7. Ayón, C., Gurrola, M., Salas, L. M., Androff, D., & Krysik, J. (2012). Intended and unintended consequences of the employer sanction law on Latino families. Qualitative Social Work, 11(6), 587–603.  https://doi.org/10.1177/1473325011418871.CrossRefGoogle Scholar
  8. Bailey, Z. D., Krieger, N., Agénor, M., Graves, J., Linos, N., & Bassett, M. T. (2017). Structural racism and health inequities in the USA: Evidence and interventions. The Lancet.  https://doi.org/10.1016/S0140-6736(17)30569-X.Google Scholar
  9. Bosma, H., Marmot, M. G., Hemingway, H., Nicholson, A. C., Brunner, E., & Stansfeld, S. A. (1997). Low job control and risk of coronary heart disease in Whitehall II (prospective cohort) study. BMJ.  https://doi.org/10.1136/bmj.314.7080.558.Google Scholar
  10. Burgard, S. A., Ailshire, J. A., & Kalousova, L. (2013). The great recession and health: People, populations, and disparities. Annals of the American Academy of Political and Social Science, 650(1), 194–213.  https://doi.org/10.1177/0002716213500212.CrossRefGoogle Scholar
  11. Castillo, A. (2017). Immigrant arrested by ICE after dropping daughter off at school, sending shockwaves through neighborhood. Los Angeles: LA Times.Google Scholar
  12. Charmaz, K. (2001). Grounded theory. In R. M. Emerson (Ed.), Contemporary field research: Perspectives and formulations (2nd ed., pp. 335–352). Long Grove: Waveland Press, Inc.Google Scholar
  13. Charmaz, K. (2012). The power and potential of grounded theory. Medical Sociology Online, 6(3), 2–15. Retrieved from http://www.medicalsociologyonline.org/resources/Vol6Iss3/MSo-600x_The-Power-and-Potential-Grounded-Theory_Charmaz.pdf.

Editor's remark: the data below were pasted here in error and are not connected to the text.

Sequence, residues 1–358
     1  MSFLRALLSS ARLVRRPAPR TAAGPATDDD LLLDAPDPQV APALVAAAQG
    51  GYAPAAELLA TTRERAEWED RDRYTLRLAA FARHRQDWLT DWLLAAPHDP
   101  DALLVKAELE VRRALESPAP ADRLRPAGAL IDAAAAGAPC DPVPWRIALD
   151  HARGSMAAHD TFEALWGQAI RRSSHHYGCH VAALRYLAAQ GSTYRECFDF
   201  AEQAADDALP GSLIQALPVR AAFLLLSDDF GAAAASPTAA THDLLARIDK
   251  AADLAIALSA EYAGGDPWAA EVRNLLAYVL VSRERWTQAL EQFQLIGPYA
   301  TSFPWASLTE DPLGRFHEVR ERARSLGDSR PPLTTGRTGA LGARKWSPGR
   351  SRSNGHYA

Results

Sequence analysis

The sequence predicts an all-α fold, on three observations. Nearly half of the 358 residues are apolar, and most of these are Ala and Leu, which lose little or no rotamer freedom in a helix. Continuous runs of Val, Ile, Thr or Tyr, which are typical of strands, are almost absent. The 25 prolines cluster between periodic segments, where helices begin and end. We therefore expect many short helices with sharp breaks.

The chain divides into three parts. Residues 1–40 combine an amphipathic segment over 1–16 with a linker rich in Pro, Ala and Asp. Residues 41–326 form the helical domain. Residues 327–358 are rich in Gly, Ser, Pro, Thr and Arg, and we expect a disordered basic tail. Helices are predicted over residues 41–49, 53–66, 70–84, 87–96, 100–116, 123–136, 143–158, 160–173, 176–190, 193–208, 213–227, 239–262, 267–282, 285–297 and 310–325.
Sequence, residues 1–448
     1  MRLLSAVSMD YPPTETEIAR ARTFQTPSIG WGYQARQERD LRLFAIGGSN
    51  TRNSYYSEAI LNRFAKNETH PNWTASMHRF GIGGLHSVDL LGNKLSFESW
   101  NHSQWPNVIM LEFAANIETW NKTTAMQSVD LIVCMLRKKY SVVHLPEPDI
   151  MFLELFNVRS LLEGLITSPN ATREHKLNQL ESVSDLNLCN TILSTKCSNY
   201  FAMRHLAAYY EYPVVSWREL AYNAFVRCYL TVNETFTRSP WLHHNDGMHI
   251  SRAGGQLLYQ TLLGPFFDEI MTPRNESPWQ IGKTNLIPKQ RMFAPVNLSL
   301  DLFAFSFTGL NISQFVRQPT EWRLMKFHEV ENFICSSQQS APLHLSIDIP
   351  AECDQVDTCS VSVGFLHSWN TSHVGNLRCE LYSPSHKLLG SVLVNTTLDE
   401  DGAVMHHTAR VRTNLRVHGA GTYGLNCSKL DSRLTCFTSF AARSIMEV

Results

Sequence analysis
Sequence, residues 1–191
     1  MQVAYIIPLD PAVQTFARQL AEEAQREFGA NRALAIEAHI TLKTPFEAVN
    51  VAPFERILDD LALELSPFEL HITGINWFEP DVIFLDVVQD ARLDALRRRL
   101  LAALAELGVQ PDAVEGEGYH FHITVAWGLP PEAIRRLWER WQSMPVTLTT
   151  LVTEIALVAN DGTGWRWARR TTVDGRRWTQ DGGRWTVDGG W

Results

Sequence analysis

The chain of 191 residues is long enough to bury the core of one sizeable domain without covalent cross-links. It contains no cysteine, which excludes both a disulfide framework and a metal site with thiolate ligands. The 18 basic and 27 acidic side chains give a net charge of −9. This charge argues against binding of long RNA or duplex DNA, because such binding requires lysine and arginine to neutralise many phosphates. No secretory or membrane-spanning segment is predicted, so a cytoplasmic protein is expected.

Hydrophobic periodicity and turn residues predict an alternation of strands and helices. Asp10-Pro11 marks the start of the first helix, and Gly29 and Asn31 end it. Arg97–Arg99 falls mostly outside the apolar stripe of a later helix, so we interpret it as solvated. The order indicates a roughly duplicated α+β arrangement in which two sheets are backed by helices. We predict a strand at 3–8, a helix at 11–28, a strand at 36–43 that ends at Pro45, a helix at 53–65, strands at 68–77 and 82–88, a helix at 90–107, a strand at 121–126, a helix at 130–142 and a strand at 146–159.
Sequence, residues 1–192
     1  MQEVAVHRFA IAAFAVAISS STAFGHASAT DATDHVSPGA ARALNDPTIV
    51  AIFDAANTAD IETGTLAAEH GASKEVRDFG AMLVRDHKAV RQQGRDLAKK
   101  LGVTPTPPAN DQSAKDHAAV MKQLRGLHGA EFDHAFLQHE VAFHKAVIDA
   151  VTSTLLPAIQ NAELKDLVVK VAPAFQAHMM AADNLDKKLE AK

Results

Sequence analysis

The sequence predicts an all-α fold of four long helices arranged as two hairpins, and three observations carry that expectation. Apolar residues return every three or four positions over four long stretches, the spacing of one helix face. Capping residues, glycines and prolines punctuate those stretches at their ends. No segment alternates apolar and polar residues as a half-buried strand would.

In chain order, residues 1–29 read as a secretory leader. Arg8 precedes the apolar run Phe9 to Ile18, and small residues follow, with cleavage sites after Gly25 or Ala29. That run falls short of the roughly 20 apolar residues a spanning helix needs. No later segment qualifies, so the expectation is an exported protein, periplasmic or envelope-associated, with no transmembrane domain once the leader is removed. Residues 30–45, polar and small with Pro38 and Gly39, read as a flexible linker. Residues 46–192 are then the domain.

14. Chavez, L. (2013). The Latino threat: Constructing immigrants, citizens, and the nation. Stanford: Stanford University Press.Google Scholar
  15. Coleman, M., & Stuesse, A. (2014). Policing borders, policing bodies: The territorial and biopolitical roots of US immigration control. In R. Jones & C. Johnson (Eds.), Placing the border in everyday life (pp. 33–63). Burlington: Ashgate Publishing Company.Google Scholar
  16. Collins, P. H. (1990). Black feminist thought: Knowledge, consciousness, and the policitcs of empowerment. Boston: Unwin Hyman.Google Scholar
  17. Cox, A. B., & Miles, T. J. (2013). Policing immigration. University of Chicago Law Review, 80(1), 87–136.  https://doi.org/10.2139/ssrn.2109820.Google Scholar
  18. Cox, M. (2007). Permanent residency requirement for driver’s licenses, opinion no. 7210. Landsing: State of Michigan Attorney General.Google Scholar
  19. Crenshaw, K. (1989). Demarginalizing the intersection of race and sex: A black feminist critique of antidiscrimination doctrine, feminist theory and antiracist policies. The University of Chicago Legal Forum, 1989(1), 139–167.  https://doi.org/10.1525/sp.2007.54.1.23.Google Scholar
  20. Cruz, J. (2014). Metro Detroit’s foreign-born populations. Detroit, M. I. Retrieved from http://www.globaldetroit.com/wp-content/uploads/2014/10/Global_Detroit_MetoDetroitForeignbornmar2014full.pdf.
  21. Cruz Nichols, V., LeBrón, A. M. W., & Pedraza, F. I. (2018a). Spillover effects: Immigrant policing and government skepticism in matters of health for Latinos. Public Administration Review.  https://doi.org/10.1111/puar.12916.Google Scholar
  22. Cruz Nichols, V., LeBrón, A. M. W., & Pedraza, F. I. (2018b). Policing us sick: The health of Latinos in an era of heightened deportations and racialized policing. Politics symposium.Google Scholar
  23. Data Driven Detroit. (2012). Southwest Detroit neighborhoods profile. Detroit: Data Driven Detroit.Google Scholar
  24. De Genova, N. (2004). The legal production of Mexican/migrant “illegality.”. Latino Studies, 2(2), 160–185.  https://doi.org/10.1057/palgrave.lst.8600085.CrossRefGoogle Scholar
  25. De Genova, N. P. (2002). Migrant “illegality” and deportability in everyday life. Annual Review of Anthropology, 31(1), 419–447.  https://doi.org/10.1146/annurev.anthro.31.040402.085432.CrossRefGoogle Scholar
  26. Deficit Reduction Act of 2005, Pub. L. No. 120 Stat 4.Google Scholar
  27. Dewey, C. (2017). Immigrants are going hungry so Trump won’t deport them. Washington, DC: Washington Post.Google Scholar
  28. Downing, J. (2016). The health effects of the foreclosure crisis and unaffordable housing: A systematic review and explanation of evidence. Social Science and Medicine.  https://doi.org/10.1016/j.socscimed.2016.06.014.Google Scholar
  29. Dreby, J. (2015). U.S. immigration policy and family separation: The consequences for children’s well-being. Social Science and Medicine, 132, 245–251.  https://doi.org/10.1016/j.socscimed.2014.08.041.CrossRefGoogle Scholar